Light pollution bothers bats

The common serotine, a species that is nevertheless reputed to be resistant, is disturbed by the halos caused by artificial lighting.

The common serotina is a common bat, one of those small wild animals that lives its life inconspicuously near humans. The day, Eptesicus serotinus sleeps in the attic and under the roof. At night, she hunts butterflies and beetles in the meadows, on the edge of the woods, under the lampposts of urban parks. Adaptable, not very sensitive to artificial light. At least that’s what scientists thought until a citizen science program at the National Museum of Natural History dealt a blow to the idea.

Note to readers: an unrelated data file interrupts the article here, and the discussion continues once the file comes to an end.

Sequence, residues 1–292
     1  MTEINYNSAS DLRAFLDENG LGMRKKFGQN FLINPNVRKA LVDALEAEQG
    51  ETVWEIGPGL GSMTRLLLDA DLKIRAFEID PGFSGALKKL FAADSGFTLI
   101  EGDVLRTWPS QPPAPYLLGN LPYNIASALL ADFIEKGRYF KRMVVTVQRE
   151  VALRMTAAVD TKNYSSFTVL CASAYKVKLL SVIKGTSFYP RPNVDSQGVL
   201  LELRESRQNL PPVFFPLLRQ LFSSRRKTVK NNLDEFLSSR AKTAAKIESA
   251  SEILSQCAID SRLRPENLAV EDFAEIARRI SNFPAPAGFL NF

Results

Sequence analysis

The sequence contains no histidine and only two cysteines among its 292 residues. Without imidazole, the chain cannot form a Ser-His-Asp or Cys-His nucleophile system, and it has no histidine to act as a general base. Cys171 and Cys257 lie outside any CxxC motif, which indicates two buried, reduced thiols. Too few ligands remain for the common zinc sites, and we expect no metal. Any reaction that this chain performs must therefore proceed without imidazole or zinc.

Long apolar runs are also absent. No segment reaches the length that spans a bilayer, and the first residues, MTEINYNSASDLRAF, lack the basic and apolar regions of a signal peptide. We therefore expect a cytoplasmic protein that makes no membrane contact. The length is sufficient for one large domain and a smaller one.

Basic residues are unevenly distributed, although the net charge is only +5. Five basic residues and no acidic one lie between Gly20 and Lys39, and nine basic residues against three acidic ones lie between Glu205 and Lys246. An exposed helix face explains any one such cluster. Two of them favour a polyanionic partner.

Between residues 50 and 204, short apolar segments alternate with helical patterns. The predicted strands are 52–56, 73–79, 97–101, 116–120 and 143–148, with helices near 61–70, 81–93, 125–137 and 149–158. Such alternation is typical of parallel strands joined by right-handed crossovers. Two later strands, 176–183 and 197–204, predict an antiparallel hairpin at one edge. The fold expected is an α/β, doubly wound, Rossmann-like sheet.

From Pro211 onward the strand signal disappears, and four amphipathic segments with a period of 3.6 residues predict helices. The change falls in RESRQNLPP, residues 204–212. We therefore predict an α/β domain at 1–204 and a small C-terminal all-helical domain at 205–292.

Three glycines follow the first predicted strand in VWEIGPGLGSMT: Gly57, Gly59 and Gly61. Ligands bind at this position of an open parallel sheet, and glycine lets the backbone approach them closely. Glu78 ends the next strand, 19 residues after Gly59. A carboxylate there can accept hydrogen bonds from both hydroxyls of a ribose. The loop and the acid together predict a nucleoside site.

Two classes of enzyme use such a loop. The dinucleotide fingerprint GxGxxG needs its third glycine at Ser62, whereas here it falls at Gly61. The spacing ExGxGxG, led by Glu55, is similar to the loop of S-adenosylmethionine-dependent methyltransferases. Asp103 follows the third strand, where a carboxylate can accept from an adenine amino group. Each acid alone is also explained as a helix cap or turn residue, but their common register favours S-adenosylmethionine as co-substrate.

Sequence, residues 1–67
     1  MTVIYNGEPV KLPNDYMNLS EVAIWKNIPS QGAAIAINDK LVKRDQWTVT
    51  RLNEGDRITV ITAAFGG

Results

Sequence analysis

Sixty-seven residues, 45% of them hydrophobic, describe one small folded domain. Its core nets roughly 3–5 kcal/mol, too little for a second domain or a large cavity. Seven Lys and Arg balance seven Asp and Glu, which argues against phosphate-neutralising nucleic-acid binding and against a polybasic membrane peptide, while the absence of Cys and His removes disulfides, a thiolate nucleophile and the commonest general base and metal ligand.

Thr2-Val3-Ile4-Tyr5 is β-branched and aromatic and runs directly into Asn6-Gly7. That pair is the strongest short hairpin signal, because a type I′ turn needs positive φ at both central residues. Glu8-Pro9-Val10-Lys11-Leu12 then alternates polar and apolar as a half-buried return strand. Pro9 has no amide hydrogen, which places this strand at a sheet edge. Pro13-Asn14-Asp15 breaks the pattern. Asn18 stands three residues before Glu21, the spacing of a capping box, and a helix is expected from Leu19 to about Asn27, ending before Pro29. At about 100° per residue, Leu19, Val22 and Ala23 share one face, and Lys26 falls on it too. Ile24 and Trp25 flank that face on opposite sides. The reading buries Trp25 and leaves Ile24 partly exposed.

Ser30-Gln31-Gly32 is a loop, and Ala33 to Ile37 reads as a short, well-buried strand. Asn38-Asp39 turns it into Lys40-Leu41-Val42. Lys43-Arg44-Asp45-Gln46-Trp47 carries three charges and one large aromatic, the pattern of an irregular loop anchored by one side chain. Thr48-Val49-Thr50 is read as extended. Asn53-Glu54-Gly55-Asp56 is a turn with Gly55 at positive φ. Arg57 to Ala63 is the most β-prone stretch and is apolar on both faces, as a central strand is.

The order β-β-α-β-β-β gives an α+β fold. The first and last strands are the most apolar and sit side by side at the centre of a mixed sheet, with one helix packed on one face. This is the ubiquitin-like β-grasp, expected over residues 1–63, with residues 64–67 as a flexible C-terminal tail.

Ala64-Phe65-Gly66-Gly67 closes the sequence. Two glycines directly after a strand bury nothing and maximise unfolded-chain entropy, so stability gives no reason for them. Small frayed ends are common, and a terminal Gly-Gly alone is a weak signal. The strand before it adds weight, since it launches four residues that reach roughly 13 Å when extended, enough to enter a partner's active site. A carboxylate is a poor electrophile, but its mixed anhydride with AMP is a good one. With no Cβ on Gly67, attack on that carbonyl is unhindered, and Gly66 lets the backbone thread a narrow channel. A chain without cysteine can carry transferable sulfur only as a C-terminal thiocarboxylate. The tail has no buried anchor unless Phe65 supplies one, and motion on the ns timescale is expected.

The researchers, who published their findings in April in the journal Environmental Pollutionfound that “even fine variations in light levels seem to affect the spatiotemporal distribution of common serotin”. They see it as an additional indication of the seriousness of the disorder caused to bats deemed to be less tolerant of lighting, justifying “emergency” to restore corners of dark night in France

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